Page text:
Drifblim is typically not fast or strong enough to be offensive, and its base defenses are pathetic. Even though that hasn’t changed with the latest games, the the haunted balloon Pokémon’s usage has actually been surging significantly in 2017. Here’s why.
Pokémon Sun and Moon introduce items called seeds, and they are consumables tied to the guardians of Alola that give defensive boosts depending on the battlefield’s terrain. For example, Tapu Fini always sets up a “Misty Terrain” effect when it switches in, which halves the damage from dragon-type attacks and makes all grounded-Pokemon immune to status conditions. However, if a Pokemon holding the Misty Seed item is on the field while Misty Terrain is active, it consumes the seed and gets a one-time special defense boost.
As these seeds are new, it took some time for players to figure out which Pokémon could use them best. The seed-holder needs to survive on the field, yet be useful enough to make a continued impact, since switching out would waste the item’s boost.
What Drifblim has over its competitors is the ability “Unburden,” which doubles the user’s speed after its held item is consumed. That juiced-up speed ensures Drifblim can support its team before being shut down by enemies.
Players have used that boost to pull off all kinds of tricks. Drifblim made its first major appearance during the Anaheim regionals on Raghav Malaviya’s top-four team. He used a Misty Seed and Tapu Fini to trigger the speed and special defense boosts, giving his particular Drifblim the option to abuse the “Swagger” move. Swagger is one of the most hated in VGC for its ability to inflict confusion, which gives the target a 33% chance to hit itself instead of taking its turn as normal. Swagger also has a secondary effect: it doubles the targets attack.
So, when combined with Misty Terrain (which prevents confusion), Malaviya could just jack-up his Garchomp or Arcanine’s damage output. Unfortunately for him, the strategy didn’t work as well as he’d hoped, and he was knocked out in the semifinals.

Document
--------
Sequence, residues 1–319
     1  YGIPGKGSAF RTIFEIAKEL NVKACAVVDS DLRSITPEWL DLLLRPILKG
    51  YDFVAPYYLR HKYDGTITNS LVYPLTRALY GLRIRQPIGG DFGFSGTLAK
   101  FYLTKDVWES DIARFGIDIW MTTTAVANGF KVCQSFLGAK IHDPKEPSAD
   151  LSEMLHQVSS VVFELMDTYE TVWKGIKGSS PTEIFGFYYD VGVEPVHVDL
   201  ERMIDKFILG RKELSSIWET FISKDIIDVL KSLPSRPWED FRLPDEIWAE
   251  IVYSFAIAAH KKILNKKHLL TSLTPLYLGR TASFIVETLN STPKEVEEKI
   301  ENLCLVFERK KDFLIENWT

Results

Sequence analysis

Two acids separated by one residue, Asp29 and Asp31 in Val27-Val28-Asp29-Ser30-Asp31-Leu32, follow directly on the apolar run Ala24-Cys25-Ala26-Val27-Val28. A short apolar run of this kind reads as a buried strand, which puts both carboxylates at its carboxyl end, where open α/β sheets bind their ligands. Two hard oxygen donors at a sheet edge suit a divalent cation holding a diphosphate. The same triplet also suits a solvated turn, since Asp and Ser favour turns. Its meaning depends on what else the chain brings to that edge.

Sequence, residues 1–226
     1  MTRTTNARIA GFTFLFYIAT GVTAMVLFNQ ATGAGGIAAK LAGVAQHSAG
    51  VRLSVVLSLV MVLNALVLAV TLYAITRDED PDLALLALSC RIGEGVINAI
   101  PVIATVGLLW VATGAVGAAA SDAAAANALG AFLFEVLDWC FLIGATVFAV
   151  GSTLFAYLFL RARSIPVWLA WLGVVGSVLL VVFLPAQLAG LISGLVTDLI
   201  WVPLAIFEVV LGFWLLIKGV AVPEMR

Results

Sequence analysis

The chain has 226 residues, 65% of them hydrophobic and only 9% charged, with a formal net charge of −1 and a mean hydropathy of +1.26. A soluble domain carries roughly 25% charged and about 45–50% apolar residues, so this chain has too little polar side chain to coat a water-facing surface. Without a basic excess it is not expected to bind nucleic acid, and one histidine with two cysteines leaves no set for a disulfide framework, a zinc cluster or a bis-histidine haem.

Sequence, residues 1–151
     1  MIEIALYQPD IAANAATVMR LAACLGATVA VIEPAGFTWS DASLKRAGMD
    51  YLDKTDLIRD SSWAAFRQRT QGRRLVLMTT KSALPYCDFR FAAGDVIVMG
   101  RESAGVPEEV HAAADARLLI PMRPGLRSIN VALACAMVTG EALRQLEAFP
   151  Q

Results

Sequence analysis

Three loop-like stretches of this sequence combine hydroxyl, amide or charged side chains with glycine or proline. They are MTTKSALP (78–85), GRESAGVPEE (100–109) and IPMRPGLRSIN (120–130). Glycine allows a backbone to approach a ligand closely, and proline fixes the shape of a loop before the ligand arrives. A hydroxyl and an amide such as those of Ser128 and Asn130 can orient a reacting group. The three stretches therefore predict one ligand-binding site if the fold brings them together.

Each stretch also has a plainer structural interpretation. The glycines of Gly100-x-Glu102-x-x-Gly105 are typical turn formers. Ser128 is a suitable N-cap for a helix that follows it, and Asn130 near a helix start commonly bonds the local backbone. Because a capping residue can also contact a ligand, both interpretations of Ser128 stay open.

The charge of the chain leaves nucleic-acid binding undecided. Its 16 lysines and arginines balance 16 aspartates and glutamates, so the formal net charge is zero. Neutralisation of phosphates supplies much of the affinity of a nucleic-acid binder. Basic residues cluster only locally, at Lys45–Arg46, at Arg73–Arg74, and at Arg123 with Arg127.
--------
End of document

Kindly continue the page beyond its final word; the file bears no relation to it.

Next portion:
Shoma Honami was the first to use Drifblim more successfully, winning the One Nation of Gamers Pokémon Invitational largely thanks to the support of the haunted balloon Pokémon. Honami packed plenty of tricks that set the standard for Drifblim, but he primarily used it to double his team’s speed with Tailwind. This allowed his Choice Specs Tapu Lele to move first and knock out almost anything in a single hit with powerful Psychics.
Since then, many players have started considering Drifblim more seriously as a key supporter. That attitude was reflected by the top 16 of last weekend’s Collinsville Regional Championship, where three players brought Drifblim and Tapu Lele. Justin Burns used the balloon beast, earning himself a spot in the finals. In his top-eight match against Thomas McCready, Drifblim put in the most work by spreading burns with Will-o-wisp. By cutting the attack stat of Pokémon such as Garchomp and Celesteela in half, Burns minimized the threats to the rest of his team and took a game one win. And while its contributions weren’t as great in game two, Drifblim did help close out game three with Shadow Ball.
Thanks to Drifblim’s success at those three tournaments, its usage is expanding from niche to mainstream. For the most part, players seem to be taking the shift with a mix of excitement and respect.
Only four made it to the second day of competition at the Oceana International Championships in Melbourne, but Zoe Lou managed to win with the entire tournament with it. Now that Drifblim has risen to the top of some of this year’s fiercest competition, it may well have earned a one-time spot in the history books as a truly viable support Pokémon.
Correction 2:32 PM: We initially cited the wrong percentage chance for the status effect Confusion.
Jason Krell is a freelance journalist, VGC player and editor-in-chief of the Saffron City Post.